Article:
Every drummer, new or old, has at some point struggled to choose practicing on a pad over playing on an actual kit. Why would you want to play on a small rubbery pad when you can be jamming out on an entire kit? Besides, it’s not like you picked up a pair of drumsticks just to be using them on a practice pad, right?
The reason why practice pads have been around for so long and are used by pretty much every famous drummer out there, is because they help you focus your skills onto a single surface without distraction. What you learn on a practice pad can easily be transferred onto an actual kit, and with enough time invested, you’ll find that the work you put into your pad has actually improved your skills on the kit. Hand speed, control and technique are all very important lessons that are often better learned on a pad than on the kit.
Let’s take a detailed look at why practice pads are such an important part of a drummer’s toolkit.
What is a Practice Pad? What Should I Practice on One?
A practice pad looks like a smaller, 2-D version of an actual drum. The base is made of some resilient material and instead of having a drumhead, this base is covered with a surface that offers a generous amount of rebound (like a rubbery compound) without the sound - making it easier for you to practice reasonably quietly on it.
The ultimate goal of working with a practice pad is to develop the speed, control, and technique needed while playing an actual drum kit. You’ll find that working regularly on rudiments on a pad ensures they become part of your drumming vocabulary while on the kit. If you’ve been working on, say, the single paradiddle, it becomes much easier to apply when you’re playing on a kit in the form of fills and grooves. It sounds counter-intuitive, but working regularly with a practice pad actually makes you more creative on the kit; the muscle-memory you build working with different rudiments and patterns on the pad expresses itself in new ways on the kit.
Practice pad work (especially with a metronome) helps improve arguably the most important quality that a drummer needs to have: timing. Always practice your singles, doubles, and other rudiments to a click – it will REALLY help you improve your timing and help you ‘lock in’ with the music when you’re playing on a kit too. Start off at a reasonable tempo and try your best to sync with the metronome. Once you’ve nailed the patterns at a certain tempo, you can start increasing it to work on speed – or even decreasing it so you really start to understand ‘groove’ and ‘pocket’ at various tempos.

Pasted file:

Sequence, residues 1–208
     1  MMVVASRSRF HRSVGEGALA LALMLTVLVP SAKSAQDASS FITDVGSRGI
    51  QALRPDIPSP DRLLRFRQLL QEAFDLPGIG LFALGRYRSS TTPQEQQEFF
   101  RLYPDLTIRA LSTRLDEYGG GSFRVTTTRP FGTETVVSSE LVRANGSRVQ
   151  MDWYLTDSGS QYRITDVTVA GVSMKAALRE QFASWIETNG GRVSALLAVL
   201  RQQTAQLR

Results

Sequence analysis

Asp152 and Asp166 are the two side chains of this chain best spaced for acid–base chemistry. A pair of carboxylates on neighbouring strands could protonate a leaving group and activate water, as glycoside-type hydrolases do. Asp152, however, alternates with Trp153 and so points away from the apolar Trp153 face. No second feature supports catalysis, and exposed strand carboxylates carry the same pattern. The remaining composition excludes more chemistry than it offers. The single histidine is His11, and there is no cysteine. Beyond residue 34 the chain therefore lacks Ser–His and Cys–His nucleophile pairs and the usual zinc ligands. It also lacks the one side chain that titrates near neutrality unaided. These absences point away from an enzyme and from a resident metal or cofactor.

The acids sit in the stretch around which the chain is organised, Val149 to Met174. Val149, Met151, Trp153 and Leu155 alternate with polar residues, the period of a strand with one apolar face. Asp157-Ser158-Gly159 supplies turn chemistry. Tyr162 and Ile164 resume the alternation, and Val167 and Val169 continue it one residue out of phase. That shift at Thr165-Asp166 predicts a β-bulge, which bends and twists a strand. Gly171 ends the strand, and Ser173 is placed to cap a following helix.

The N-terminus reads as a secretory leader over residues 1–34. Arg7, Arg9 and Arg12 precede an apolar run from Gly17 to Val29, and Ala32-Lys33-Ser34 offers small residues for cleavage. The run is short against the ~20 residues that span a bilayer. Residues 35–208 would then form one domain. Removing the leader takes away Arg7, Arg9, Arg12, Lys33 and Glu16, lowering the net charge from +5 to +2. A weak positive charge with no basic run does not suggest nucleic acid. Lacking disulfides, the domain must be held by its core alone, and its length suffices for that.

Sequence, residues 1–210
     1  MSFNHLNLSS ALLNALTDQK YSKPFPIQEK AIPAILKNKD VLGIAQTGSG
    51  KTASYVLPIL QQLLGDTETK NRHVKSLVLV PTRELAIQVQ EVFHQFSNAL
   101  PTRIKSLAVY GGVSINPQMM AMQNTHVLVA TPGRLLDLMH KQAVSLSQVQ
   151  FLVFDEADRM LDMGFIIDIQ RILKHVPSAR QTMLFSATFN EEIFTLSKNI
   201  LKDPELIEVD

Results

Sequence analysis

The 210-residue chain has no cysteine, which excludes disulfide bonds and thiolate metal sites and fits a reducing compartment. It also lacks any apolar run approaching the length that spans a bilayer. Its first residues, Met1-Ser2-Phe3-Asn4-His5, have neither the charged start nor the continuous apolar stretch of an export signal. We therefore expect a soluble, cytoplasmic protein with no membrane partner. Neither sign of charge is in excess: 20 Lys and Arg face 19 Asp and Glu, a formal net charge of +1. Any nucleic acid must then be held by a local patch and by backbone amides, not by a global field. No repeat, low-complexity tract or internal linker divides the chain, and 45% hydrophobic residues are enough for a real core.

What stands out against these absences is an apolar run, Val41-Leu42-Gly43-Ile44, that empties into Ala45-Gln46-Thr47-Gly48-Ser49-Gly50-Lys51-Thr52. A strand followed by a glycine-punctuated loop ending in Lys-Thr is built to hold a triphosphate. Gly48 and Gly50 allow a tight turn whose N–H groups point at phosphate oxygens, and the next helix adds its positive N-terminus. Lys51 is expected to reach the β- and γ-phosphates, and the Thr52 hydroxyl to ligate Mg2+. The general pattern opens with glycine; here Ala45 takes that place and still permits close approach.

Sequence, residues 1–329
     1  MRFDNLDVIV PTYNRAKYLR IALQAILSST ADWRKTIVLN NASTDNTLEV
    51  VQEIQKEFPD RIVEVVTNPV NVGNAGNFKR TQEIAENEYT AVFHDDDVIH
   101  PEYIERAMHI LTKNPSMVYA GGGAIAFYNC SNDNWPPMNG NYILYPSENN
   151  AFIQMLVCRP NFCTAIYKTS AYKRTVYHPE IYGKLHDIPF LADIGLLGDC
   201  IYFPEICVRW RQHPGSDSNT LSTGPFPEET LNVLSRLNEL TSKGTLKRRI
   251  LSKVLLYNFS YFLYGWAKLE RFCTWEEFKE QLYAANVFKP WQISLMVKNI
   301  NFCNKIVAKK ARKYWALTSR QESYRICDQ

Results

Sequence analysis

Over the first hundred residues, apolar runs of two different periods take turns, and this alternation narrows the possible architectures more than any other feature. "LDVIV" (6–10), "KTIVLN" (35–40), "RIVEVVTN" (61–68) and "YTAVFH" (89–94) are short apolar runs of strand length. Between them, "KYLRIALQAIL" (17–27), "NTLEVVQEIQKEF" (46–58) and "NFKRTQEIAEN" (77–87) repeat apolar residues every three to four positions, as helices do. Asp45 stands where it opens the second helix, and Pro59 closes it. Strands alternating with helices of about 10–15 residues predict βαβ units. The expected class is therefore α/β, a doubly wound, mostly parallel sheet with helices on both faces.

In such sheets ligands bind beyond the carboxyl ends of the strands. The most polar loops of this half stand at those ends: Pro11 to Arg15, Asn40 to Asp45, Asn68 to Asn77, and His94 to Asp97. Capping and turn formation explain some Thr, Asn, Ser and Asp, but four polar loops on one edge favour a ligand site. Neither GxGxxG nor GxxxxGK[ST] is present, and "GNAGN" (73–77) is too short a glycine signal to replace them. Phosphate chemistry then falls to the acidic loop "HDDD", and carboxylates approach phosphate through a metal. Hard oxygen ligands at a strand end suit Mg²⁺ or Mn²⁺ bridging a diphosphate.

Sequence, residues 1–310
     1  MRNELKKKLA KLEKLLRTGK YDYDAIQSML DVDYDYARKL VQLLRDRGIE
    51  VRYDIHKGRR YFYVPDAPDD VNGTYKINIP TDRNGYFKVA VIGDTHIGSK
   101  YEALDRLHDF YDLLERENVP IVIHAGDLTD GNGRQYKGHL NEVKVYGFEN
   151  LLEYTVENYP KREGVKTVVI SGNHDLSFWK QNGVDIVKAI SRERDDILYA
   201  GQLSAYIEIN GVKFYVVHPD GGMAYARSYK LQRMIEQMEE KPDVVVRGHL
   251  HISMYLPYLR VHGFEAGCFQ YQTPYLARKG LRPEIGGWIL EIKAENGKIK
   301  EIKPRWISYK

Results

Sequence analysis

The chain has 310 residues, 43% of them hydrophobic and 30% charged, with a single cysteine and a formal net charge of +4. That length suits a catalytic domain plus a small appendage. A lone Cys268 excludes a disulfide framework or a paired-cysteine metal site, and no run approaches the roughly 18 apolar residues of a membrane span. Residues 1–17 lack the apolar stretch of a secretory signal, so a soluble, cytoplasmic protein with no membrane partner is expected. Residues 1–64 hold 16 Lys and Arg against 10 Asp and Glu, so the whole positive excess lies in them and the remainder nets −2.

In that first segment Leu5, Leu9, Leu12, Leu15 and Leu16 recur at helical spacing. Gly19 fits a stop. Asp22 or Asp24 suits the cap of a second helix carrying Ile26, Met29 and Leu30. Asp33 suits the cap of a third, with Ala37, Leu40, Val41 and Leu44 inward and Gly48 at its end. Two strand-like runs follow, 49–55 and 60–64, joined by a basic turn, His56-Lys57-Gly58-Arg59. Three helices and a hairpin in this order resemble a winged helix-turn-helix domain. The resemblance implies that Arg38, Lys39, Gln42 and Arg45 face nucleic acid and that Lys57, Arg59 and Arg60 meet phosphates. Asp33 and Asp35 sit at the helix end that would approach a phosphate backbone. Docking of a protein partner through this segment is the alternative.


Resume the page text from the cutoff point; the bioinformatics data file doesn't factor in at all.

Practice pads also come in very handy when you need to warm up in a pinch. If you’re playing a show, for example, practicing on a pad will help your hands warm up and get used to moving around before going on stage for the show. If you’re looking to get your feet involved too, you could consider buying a full-sized ‘practice pad kit’, which looks like a normal drum kit but replaces all the drums with pads. They’re great for practicing quietly, too.
If we had to pick one resource that will help you get the most out of your practice pad, it’s a book called Stick Control For the Snare Drummer by George Lawrence Stone. Despite being quite old, it’s been used by some of the greatest drummers across generations like Billy Cobham, Virgil Donati, Steve Gadd, Jojo Mayer and Steve Smith. Check it out (and be sure sure to include your old friend and worst enemy, the metronome)!
But What If I Don’t Have a Practice Pad?
Buy one (duh!). They’re cheap!
But you know what? it’s totally cool even if you don’t. The beauty of your drumsticks is that they can be used on pretty much any surface. Many drummers actually prefer practicing on a pillow instead of a pad. A pillow, or any softer surface, has much less rebound than a practice pad, so it forces you to really dig into your hand strength and use your fingers and wrists much more to execute double strokes or paradiddles on a pad. It doesn’t just have to be pillows, either: any surface that has a decent amount of rebound that you find lying around your house is good to practice on. You can even use your leg! Get too enthusiastic with this option though, and you might end up with some sore results ☺.
Even though you may think practice pads keep you away from playing a kit, they actually help you become a better drummer. They help set up a strong foundation of technique, speed, control, and endurance. If you aren’t able to buy a practice pad, find a pillow that’s lying around or anything that has some degree of rebound when you play on it. Being able to find a balance between practicing on a pad and a kit is very important for any drummer. And hey, wouldn’t you want to get your control to a level where you’re able to practice on an EGG without breaking it? Don’t believe that it’s possible? Watch this. The best way to refine your playing to that level is by using a practice pad, or any other surface you have available. So, get practicing! As for the eggs you’re forced to destroy on your journey – well, make an omelet, what?